2019 Mazda MX-5 Cup ND2 Is a $68,000 Miata Worth Every Penny
The Drive spends time with the newest MX-5 Cup racer and talks with the man who developed it.
Mazda has, for decades, verified and improved the capability of its MX-5 to challenge the giants and serve as the proverbial David in the cliche that it often finds itself in when compared by price and, of course, size. Its zippy attitude and unparalleled maneuverability have locked it into a niche—and price point—that its customers are comfortable with while Mazda's R&D department quietly dials it in closer to perfection. But what about an MX-5 that has the same power, costs nearly $70K, and can't be driven on public roads?
Sounds like a crock at first blush, really. But, as you knew there would be, there's a catch that not only qualifies the MX-5 Cup ND2 as a worthwhile buy but also as a career opportunity for drivers behind the wheel of one on any given race weekend.
The ND2 variant is seen as a significant step up in comparison to the ND1, the latter serving as the sole choice for the Global MX-5 Cup series until 2019 (the two now run side-by-side in separate classes). Tom Long, owner of Long Road Racing and builder of every MX-5 Cup car on the grid, gave The Drive a quick run-through of the car this weekend at Circuit of the Americas where over 30 entries hit the 3.4-mile track for the 2019 season-opener.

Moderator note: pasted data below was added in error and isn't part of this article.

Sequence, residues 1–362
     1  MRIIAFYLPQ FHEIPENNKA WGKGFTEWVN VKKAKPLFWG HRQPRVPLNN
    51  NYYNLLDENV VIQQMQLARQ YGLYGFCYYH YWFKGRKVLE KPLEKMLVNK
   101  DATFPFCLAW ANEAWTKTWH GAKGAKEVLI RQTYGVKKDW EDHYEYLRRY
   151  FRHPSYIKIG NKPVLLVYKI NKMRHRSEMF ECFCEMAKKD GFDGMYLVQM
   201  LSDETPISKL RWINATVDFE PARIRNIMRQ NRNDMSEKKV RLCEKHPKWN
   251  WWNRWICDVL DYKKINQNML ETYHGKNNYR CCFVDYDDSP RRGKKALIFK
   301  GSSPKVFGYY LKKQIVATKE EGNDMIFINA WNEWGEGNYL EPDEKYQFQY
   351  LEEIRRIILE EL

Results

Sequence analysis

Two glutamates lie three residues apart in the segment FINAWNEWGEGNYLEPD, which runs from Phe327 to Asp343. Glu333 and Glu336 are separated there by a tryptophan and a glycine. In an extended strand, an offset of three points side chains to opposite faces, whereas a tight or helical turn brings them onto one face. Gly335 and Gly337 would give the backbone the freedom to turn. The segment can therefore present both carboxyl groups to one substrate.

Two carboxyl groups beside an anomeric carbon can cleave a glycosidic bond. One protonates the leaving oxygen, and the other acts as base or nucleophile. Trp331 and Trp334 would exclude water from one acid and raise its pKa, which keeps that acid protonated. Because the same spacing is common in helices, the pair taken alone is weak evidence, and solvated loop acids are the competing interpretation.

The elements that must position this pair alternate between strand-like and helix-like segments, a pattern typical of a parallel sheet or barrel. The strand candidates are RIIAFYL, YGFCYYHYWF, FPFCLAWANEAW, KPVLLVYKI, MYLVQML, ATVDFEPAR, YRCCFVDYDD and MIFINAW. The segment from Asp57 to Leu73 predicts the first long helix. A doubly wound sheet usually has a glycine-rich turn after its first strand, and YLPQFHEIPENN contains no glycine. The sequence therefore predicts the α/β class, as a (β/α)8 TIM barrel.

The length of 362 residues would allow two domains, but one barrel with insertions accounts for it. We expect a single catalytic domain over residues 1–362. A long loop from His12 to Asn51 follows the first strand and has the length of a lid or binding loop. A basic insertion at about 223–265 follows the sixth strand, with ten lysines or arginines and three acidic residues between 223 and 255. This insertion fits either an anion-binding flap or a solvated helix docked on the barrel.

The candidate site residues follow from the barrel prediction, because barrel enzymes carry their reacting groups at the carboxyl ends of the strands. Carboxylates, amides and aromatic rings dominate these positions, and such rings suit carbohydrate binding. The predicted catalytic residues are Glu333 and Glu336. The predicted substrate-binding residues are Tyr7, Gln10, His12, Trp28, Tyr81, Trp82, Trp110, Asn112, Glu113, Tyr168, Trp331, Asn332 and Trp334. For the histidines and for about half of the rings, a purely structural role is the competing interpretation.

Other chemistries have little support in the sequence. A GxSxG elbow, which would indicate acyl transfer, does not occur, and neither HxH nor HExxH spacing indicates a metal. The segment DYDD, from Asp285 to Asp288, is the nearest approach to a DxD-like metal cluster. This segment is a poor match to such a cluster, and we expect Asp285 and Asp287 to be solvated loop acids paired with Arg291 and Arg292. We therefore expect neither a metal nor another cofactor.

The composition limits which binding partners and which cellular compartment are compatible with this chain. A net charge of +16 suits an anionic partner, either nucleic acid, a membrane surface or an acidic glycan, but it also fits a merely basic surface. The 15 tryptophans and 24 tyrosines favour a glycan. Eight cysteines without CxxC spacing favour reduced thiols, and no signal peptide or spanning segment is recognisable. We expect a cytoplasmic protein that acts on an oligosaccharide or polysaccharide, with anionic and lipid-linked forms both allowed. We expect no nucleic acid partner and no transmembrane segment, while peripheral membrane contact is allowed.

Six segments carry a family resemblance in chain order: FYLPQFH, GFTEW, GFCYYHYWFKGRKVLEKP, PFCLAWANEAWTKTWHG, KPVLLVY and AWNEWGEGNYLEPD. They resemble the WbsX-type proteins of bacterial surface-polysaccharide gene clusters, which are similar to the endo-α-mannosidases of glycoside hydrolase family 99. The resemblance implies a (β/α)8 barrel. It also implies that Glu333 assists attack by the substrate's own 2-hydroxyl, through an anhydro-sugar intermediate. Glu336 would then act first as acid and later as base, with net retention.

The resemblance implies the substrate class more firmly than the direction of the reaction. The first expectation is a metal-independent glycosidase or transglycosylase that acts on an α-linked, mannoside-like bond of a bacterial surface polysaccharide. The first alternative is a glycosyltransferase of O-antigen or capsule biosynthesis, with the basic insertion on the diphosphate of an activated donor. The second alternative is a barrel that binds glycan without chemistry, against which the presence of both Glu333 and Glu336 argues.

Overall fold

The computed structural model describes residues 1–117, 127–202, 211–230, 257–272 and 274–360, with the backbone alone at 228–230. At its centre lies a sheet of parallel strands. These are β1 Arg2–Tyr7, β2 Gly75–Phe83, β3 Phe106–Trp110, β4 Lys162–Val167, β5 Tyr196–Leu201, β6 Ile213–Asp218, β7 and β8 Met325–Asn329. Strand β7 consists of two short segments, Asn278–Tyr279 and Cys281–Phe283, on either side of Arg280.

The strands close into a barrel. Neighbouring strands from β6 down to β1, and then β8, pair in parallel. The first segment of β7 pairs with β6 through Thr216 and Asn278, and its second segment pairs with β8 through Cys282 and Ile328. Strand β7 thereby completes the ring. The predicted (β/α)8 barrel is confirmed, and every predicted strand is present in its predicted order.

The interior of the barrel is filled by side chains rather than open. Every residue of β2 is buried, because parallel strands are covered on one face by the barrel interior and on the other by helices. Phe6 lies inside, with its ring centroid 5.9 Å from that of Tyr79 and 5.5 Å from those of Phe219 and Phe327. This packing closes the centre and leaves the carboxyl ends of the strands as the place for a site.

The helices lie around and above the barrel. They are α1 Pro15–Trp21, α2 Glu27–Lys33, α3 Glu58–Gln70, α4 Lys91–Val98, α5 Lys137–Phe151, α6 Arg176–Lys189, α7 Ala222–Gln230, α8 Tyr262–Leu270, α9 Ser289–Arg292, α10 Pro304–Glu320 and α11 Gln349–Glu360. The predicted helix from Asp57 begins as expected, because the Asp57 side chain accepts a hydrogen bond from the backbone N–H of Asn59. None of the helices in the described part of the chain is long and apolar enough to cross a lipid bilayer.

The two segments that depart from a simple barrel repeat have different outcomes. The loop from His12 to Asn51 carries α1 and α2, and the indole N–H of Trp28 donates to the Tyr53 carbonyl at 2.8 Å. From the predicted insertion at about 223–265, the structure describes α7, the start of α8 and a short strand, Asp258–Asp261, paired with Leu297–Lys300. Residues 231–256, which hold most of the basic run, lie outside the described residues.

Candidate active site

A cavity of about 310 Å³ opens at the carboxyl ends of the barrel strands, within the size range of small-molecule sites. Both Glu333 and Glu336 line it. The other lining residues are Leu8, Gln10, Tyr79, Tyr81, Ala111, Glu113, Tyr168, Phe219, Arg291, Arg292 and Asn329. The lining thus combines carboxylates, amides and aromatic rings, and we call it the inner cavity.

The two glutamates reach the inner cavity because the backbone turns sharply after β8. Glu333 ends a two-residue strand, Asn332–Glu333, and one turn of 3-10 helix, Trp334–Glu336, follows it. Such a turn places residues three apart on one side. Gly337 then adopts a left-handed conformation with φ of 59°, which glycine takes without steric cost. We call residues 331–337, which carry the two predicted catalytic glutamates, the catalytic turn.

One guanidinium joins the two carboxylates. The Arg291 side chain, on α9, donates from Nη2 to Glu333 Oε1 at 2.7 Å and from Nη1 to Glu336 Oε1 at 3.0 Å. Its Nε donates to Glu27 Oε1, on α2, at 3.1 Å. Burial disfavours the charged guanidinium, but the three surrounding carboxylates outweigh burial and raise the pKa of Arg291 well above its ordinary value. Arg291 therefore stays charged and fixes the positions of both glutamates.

First, Long explained the headliner upgrade lies within the 2.0-liter powerplant which now makes 181 horsepower in ND2 form, a 26-hp bump over its entry-level sibling. It has an increased rev range that tops out at 7,500 rpm, optimizing the car's ability to utilize power across the circuit without needing to upshift or downshift as frequently.
"Even more than the extra horsepower, [the 800 rpm-increase] makes a big difference as far as drivability on the race track," Long noted. "Either you've got a lot of corners where you're in the low end of this gear, or needing to shift constantly, and you can now carry whatever gear you're in into the next corner without having to upshift."
Managing the fine-tuned powerplant is a Bosch ECU, which Long claims to be a marginal improvement over the ND1's computer. In addition to smoother and more efficient running, it's said to be highly tamper-proof, a must in a series of spec racers which are required to run with identical equipment.
Rounding out the engine tweaks is a beefed-up cooling package which simply enables the car to run more reliably while taking in more air. Small, but essential for the health of the power unit as it spends most of its time near the heightened redline.
These collective changes, along with other mods such as a strengthened transmission, add up to a $10K premium over the ND1. That being said, the Global MX-5 Cup series awards over $375,000 in scholarships annually for successful drivers, helping them to step up the ladder toward whichever route they decide to take: sports cars or open-wheel.
Mazda's unwavering commitment to grassroots racing has brought many drivers from the bottom to the top, and for a fraction of the price of other national series, you can have your own seat in what's become one of the most competitive leagues in American motorsport.
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